In his 1965 book “A Thousand Days,” the historian Arthur Schlesinger Jr. described an interview with Kennedy in July of 1959, in which he asked the U.S. senator about the rumors of his having Addison’s disease. Kennedy, who was about to run for president, confidently told Schlesinger, “No one who has the real Addison’s disease should run for the presidency, but I do not have it.”
Here, Kennedy was being both a duplicitous politician and an astute historian of medicine. In 1855, Thomas Addison, the senior physician to London’s Guy’s Hospital, published his treatise, “On the Constitutional and Local Effects of Disease of the Suprarenal Capsules.” The adrenal insufficiency of the six patients he described in this publication was caused by a destructive and infectious tuberculosis of the adrenal glands. Kennedy had adrenal insufficiency of an unknown cause but he was not in any way, shape or form, infected with tuberculosis. So, technically, he did not have “real Addison’s disease.”
Such verbal flim-flam recalls a mordant observation often attributed to our 35th president: “Mothers all want their sons to grow up to be president, but they don’t want them to become politicians in the process.”
Left: President John F. Kennedy. Photo by Gerald L French/Corbis via Getty Images
The idea for a national cultural center dates to 1933 when First Lady Eleanor Roosevelt discussed ideas for the Emergency Relief and Civil Works Administration to create employment for unemployed actors during the Great Depression.  Congress held hearings in 1935 on plans to establish a Cabinet level Department of Science, Art and Literature, and to build a monumental theater and arts building on Capitol Hill near the Supreme Court building. A 1938 congressional resolution called for construction of a "public building which shall be known as the National Cultural Center" near Judiciary Square, but nothing materialized.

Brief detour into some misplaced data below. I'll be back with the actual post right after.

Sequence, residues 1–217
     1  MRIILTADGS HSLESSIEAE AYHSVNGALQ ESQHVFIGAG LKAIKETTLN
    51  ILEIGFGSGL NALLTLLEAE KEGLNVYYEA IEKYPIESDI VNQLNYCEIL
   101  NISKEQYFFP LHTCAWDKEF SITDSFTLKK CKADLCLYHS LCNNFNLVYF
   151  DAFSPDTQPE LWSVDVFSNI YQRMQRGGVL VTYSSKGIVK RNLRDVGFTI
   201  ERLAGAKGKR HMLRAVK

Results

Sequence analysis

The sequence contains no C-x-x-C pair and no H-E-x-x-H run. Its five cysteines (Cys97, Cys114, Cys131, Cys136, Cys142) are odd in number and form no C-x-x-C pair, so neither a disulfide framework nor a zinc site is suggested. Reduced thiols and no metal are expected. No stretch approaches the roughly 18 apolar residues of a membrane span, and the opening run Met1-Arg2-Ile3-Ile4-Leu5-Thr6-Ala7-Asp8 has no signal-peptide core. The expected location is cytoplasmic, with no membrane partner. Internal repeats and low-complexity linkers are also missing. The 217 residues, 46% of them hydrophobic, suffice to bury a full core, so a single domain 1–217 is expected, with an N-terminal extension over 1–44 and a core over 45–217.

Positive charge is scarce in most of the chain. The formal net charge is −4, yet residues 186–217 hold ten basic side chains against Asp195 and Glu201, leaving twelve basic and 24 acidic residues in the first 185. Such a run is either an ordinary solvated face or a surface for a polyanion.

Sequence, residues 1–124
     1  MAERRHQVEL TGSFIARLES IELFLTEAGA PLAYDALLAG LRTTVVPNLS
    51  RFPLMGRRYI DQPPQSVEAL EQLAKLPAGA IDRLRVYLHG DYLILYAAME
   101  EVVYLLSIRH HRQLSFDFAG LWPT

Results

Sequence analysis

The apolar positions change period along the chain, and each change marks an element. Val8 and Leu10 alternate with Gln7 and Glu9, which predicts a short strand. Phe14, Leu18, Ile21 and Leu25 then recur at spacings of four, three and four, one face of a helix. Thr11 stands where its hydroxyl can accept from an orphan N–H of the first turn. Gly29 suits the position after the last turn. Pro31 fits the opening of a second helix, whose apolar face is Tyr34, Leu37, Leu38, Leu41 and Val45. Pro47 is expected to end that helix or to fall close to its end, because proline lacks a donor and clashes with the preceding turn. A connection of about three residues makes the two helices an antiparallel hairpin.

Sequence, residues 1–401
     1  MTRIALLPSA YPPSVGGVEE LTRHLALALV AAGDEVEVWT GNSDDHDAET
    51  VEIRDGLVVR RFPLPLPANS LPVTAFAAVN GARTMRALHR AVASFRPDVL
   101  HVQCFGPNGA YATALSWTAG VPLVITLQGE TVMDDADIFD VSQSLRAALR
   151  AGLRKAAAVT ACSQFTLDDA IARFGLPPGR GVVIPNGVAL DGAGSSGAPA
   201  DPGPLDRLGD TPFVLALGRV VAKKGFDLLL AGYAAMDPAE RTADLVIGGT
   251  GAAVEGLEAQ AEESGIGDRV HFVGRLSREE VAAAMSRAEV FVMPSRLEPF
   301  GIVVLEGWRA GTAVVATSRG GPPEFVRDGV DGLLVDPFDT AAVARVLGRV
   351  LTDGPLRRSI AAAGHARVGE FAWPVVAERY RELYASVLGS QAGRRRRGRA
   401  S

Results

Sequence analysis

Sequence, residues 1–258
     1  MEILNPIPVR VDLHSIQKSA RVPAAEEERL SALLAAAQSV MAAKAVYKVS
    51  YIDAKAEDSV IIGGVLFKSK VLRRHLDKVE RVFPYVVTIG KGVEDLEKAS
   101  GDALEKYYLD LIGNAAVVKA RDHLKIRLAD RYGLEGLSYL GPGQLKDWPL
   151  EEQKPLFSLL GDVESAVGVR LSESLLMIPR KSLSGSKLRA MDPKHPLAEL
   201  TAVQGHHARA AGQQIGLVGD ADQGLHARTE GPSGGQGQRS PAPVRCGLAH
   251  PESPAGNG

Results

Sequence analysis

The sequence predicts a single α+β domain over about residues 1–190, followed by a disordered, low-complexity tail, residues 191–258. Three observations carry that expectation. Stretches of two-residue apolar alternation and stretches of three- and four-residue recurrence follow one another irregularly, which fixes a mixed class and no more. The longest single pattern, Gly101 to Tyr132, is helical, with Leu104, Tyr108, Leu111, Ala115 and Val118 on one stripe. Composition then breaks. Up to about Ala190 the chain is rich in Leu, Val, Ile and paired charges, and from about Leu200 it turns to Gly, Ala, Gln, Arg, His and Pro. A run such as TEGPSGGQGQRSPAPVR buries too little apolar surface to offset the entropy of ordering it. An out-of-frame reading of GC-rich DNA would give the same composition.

The idea for a national theater resurfaced in 1950, when U.S. Representative Arthur George Klein of New York introduced a bill to authorize funds to plan and build a cultural center. The bill included provisions that the center would prohibit any discrimination of cast or audience. In 1955, the Stanford Research Institute was commissioned to select a site and provide design suggestions for the center.  From 1955 to 1958, Congress debated the idea amid much controversy. A bill was finally passed in Congress in the summer of 1958 and on September 4, President Dwight D. Eisenhower signed into law the National Cultural Center Act which provided momentum for the project.